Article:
The city of Cassino, during the Second World War, was protagonist of one of the bloodiest battles of the war. Like many other cities that are known also because of tragic episodes of this kind, in Cassino the memory of what happened is still alive, also because to remind the inhabitants and visitors of the city of what occurred not many years ago there are not only museums and buildings, like the Abbey of Montecassino, which were destroyed during the fights, but also cemeteries, which silently but heavy cover the territory of Cassino working not only like memorials but also like warning for all of us.

In Cassino many soldiers coming from different countries died, young men that died in battle for something they believed in, or maybe because they had no choice other than taking the field and risking their own life. Young soldiers that now are resting in Cassino, in the various cemeteries of the city: the Polish, the German and the Commonwealth cemetery, which is probably the most famous one.

In the Commonwealth Cemetery 4,266 Commonwealth soldiers are resting; most of them died during the battles of Cassino, which took place from January to May 1944. A wide cemetery, the second largest Commonwealth cemetery in Italy, in which British, Canadian, New Zealand, South-African, Indian, Pakistan soldiers, along with one soldier of the Red Army have been buried. 284 of these soldiers have never been identified. Apart from soldiers’ graves, which form long lines of white stones on a green field, the cemetery also hosts the commemorative monument of Cassino, which was built in 1956 to honour the Commonwealth soldiers that took part in the Italian Campaign.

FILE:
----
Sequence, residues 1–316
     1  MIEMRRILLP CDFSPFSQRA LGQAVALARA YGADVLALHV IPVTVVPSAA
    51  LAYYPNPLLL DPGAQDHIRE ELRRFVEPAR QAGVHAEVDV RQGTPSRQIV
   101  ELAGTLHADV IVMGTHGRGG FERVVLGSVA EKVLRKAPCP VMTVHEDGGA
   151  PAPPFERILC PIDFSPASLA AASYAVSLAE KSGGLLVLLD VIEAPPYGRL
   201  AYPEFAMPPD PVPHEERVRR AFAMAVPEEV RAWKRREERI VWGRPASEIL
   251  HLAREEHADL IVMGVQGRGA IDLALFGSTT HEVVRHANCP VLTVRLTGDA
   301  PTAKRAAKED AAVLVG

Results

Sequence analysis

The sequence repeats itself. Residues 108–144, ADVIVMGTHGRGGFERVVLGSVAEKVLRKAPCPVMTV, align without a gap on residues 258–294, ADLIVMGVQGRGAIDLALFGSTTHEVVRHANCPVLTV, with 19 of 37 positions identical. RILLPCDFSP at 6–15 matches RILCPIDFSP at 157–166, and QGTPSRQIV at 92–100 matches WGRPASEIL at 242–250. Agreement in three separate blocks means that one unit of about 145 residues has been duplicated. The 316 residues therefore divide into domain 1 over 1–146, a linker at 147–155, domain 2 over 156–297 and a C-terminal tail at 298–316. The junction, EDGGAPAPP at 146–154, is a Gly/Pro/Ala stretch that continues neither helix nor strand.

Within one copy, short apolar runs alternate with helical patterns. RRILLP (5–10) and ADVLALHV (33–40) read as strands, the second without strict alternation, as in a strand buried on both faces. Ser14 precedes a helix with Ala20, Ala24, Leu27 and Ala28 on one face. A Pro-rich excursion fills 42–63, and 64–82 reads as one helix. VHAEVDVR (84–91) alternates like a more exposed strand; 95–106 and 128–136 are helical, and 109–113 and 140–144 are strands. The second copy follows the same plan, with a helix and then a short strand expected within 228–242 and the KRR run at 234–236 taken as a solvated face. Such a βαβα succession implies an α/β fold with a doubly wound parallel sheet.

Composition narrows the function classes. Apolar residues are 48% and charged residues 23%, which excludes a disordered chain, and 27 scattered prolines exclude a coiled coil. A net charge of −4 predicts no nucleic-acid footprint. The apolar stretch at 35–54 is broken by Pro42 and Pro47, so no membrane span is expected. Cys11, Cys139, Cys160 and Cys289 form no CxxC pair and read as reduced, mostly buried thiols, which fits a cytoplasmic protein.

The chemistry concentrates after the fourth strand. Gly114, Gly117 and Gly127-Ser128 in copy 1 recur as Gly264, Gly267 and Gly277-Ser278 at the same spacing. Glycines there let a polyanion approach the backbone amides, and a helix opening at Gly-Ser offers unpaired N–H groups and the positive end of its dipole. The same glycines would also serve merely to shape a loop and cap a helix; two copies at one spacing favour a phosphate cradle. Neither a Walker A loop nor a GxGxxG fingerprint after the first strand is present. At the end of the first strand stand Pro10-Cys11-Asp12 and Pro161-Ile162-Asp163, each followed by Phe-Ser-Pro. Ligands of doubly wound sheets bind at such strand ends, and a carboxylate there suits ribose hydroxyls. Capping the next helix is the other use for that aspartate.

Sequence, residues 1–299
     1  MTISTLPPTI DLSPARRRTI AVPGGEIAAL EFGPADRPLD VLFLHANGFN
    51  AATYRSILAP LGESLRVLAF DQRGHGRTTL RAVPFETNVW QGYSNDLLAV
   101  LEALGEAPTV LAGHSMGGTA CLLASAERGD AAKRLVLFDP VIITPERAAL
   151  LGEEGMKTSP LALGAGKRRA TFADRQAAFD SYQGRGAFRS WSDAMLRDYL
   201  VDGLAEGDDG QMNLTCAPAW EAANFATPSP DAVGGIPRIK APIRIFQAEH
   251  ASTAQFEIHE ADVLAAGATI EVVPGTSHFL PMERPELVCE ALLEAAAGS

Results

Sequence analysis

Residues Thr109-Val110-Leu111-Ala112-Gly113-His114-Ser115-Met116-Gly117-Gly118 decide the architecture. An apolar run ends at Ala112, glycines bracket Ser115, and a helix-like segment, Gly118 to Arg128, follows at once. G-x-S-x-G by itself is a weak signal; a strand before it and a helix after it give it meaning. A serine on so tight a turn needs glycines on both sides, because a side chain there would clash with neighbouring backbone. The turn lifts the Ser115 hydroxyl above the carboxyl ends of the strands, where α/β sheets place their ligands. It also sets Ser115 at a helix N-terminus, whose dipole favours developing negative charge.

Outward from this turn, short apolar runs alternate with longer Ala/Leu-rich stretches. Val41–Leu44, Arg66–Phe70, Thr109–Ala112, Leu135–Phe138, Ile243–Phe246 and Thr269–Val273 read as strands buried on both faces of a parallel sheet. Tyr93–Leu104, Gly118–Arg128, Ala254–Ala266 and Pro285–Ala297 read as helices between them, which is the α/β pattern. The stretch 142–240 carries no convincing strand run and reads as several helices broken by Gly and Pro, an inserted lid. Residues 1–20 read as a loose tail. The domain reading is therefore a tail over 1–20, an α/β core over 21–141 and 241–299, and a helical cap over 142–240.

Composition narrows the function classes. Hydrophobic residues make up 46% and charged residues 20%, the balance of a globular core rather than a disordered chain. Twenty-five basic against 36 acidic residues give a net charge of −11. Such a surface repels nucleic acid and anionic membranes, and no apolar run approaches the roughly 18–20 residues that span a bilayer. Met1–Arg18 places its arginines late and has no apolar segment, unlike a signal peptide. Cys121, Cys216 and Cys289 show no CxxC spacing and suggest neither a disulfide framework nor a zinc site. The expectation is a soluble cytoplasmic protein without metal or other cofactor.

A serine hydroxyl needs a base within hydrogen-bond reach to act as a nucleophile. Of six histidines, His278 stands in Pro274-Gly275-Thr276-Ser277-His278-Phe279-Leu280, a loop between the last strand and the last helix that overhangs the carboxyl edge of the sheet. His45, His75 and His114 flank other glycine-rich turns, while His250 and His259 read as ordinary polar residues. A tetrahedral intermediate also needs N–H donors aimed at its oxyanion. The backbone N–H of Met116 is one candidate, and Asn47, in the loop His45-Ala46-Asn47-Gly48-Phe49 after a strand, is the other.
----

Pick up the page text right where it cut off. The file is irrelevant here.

In addition to the Commonwealth Cemetery, also known as Cassino War Cemetery, you should also visit the Polish cemetery, north of the Abbey of Montecassino. This is where 1,052 soldiers belonging to the 11th branch of the Polish Army are resting, and this is where General Anders, who died in 1961, and archbishop chaplain Gawlina wanted to be buried. You can enter it through a lane lined with cypresses, and the crosses that remind us of the dead soldiers are placed in a semi-circular way.

In the German cemetery, in Caira, north of Cassino, the corpses of 20,035 soldiers of the Third Reich who died in Italy, notably in the area of Cassino to Frosinone, Pescara, Lecce and Reggio Calabria (excluding Sicily) are resting. Started in 1959 by architect Tischler, works went on with Prof. Offemberg. Crosses are placed in a circular way in a sort of amphitheatre, which spreads upwards like a hill, and at the entrance there are the statues of a man and a woman expressing the desolation caused by the tragedy of war. On the top of the hill there is a 11-meter high bronze cross.

Cassino war cemeteries, just because they host the corpse of soldiers of different nationalities, should be seen as monuments against the war in its totality, without any distinction of nationality and boundaries.

This article was written by Francesca Tessarollo with help of battles during ww1. For more information, please visit world war victims or second world war documentary.